Marylhurst revives teaching program
Of all the changes Marylhurst University made in transforming into an adult education institution, the toughest may have been dropping its teaching program in 1974.
Now that centerpiece program is back, as an innovative program that is ready to compete with other college education programs - by better preparing teachers for what has become a new world for education.
'When I was hired it was expressed that I not just replicate what was there,' said program director Tom Ruhl, 'but develop a better program for the marketplace. We wanted to re-establish ourselves in our historic mission - teacher preparation.
'This program is being developed from the ground up to meet the needs of today's students and the different challenges they face today.'
Hired in the fall of 2006, Ruhl did not rush to start Marylhurst's master of arts in teaching (MAT). He did plenty of groundwork. Ruhl spent much of his first year on the job consulting with principals from Beaverton, Lake Oswego, Portland, and other Metro area districts. He discovered key conditions that were not being sufficiently addressed.
Challenge No. 1 - language.
'Beaverton has the largest English as second language population in Oregon,' Ruhl said. 'We now have very diverse linguistics in our schools, and our teachers need to be prepared to deal with that.'
Challenge No. 2 - reading.
Ruhl said, 'One of our assumptions is that K-3 students learn to read, then students from the fourth grade on read to learn content. But the truth is they often have not learned to read by then.
'Our program will provide skills to teach reading to secondary youngsters. When I talked to the principals they said that was a compelling aspect of our program.'
Better prepared teachers, of course, means better prepared students, and Ruhl believes the program he has developed at Marylhurst will do that. Key aspects of the plan include:
-- Longer preparation. The Marylhurst teaching program is scheduled for 18 months, not the usual one year.
-- More time in the classroom. Marylhurst students are placed in the classroom right from the start.
Ruhl said, 'That gives them a fabulous introduction. If they have a good experience, they will student teach in the same building.
'It's something the principals are very excited about. Our students will be part of their school life. There's the possibility they will spend one and a half years in a school. They will be better prepared for their first job.'
-- Mentoring. 'That is another unique feature we offer,' Ruhl said. 'There is a lack of mentoring for Oregon teachers. The teacher dropout rate is 35 to 40 percent before the end of their first year. That's because they don't get the mentoring they need. Marylhurst University is committed to helping them succeed.'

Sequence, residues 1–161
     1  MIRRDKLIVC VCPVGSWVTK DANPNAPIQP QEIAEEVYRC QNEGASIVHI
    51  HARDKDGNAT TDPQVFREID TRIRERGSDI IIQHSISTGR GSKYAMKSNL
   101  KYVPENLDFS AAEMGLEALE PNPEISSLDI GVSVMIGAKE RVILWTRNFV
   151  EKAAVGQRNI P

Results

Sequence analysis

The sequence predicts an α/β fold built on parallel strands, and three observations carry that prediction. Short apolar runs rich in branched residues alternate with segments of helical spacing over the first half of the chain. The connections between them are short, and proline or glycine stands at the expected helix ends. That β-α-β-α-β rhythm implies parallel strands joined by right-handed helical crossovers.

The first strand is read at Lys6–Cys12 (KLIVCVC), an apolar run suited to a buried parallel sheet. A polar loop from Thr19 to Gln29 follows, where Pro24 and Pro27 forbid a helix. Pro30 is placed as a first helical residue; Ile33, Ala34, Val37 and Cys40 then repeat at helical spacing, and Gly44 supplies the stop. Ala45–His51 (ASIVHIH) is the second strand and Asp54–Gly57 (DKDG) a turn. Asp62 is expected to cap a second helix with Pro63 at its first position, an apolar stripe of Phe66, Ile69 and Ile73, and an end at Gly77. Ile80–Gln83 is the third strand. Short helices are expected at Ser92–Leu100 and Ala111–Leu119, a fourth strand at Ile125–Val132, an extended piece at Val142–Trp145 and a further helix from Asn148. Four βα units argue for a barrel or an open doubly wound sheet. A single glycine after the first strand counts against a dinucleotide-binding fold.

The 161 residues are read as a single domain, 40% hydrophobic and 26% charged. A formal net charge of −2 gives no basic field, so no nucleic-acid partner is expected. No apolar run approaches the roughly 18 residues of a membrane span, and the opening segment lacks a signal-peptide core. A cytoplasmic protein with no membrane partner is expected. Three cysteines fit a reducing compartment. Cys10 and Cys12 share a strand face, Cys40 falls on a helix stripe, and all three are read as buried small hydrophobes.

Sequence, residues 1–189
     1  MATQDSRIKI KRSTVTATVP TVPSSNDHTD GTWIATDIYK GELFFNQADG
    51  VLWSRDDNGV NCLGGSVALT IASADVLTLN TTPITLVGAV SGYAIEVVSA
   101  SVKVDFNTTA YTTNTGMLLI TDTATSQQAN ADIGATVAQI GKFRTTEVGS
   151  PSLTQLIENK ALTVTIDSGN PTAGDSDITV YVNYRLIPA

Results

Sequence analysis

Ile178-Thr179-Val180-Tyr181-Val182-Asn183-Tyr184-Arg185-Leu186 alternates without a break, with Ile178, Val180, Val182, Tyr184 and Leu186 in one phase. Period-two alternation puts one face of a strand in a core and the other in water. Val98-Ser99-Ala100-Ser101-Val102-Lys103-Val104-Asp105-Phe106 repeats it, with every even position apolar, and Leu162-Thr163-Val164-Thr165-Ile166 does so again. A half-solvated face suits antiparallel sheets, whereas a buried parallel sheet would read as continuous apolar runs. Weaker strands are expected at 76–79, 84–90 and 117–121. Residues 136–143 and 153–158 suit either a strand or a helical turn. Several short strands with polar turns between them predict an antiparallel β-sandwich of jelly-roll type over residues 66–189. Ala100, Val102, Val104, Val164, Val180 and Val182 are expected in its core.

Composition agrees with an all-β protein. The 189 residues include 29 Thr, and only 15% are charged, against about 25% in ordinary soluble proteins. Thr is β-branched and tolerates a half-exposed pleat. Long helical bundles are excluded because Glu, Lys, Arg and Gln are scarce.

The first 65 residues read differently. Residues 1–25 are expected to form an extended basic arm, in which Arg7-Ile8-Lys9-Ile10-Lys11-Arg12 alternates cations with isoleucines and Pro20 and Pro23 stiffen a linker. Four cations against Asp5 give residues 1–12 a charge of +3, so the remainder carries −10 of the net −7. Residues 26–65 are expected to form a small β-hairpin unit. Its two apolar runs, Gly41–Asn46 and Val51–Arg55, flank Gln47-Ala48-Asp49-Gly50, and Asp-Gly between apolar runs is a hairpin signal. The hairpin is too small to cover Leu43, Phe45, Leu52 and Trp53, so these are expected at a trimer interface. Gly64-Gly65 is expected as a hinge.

One more distinguishing feature of Marylhurst's MAT: As stated in its program brochure, there is a commitment to the principles of social justice by addressing 'the glaring gap in children's achievement levels caused by complex social, economic and historical factors. Marylhurst equips MAT graduates with skills to help all children reach their full potential.'
Ruhl said that Marylhurst is offering these innovations because teachers face a new world.
'Twenty years ago there was not the high turnover rate or the burnout,' Ruhl said. 'Literacy is not the problem it is today. This program is very reality based. In 18 months here, you are prepared to enter that classroom.
'A good education is more important than ever because it is no longer possible to drop out of high school and get good jobs in mills, logging or fishing industries. Even trades now require much more literacy. More students today need post-secondary education.'
The first new class of Marylhurst University teachers will be turned out in the spring of 2009. There are currently 38 full-time students and 10 part-time students enrolled in the teaching MA program.
While the real results won't come until that first crop of graduates is out and working, the Marylhurst program is already being vetted by a group of 25 persons, including veteran teachers, new teachers, principals, district office administrators, and representatives from teacher preparatory programs. This was one of many ways the program benefited from being new.
'We asked ourselves, 'If we could create the best program we could, what would it look like?' ' Ruhl said. 'We didn't have to fix an existing program. We could do what we liked.'
Previously an elementary school principal, Ruhl left his position as an administrator at Lewis and Clark College to take on the job at Marylhurst.
'To create something that responded to the current challenges and dilemmas of education was very attractive,' Ruhl said.
Certainly, the response to the program has been widespread, which Ruhl said has been greatly helped by the brochure materials put together by Clarin Cromwell, Marcom media coordinator at the university.
'We're rockin' and rollin',' Ruhl said. 'We've gotten applicants from Florida, California, Washington, D.C. and New York, all in one year. They sought out Marylhurst from all of the other candidates in the Northwest.'
Ruhl's program is intended to be state-of-the-art. Soon, so will its surroundings. A wing of the B.P. John Administration Building, equipped with 'smart' classrooms, is now being remodeled.
Expectations are sky high.
'Our president (Nancy Wilgenbusch) said to make this the best in the state,' Ruhl said.
To find out more about Marylhurst University's master of arts in teaching program, go to the website or call 503- 699-6268.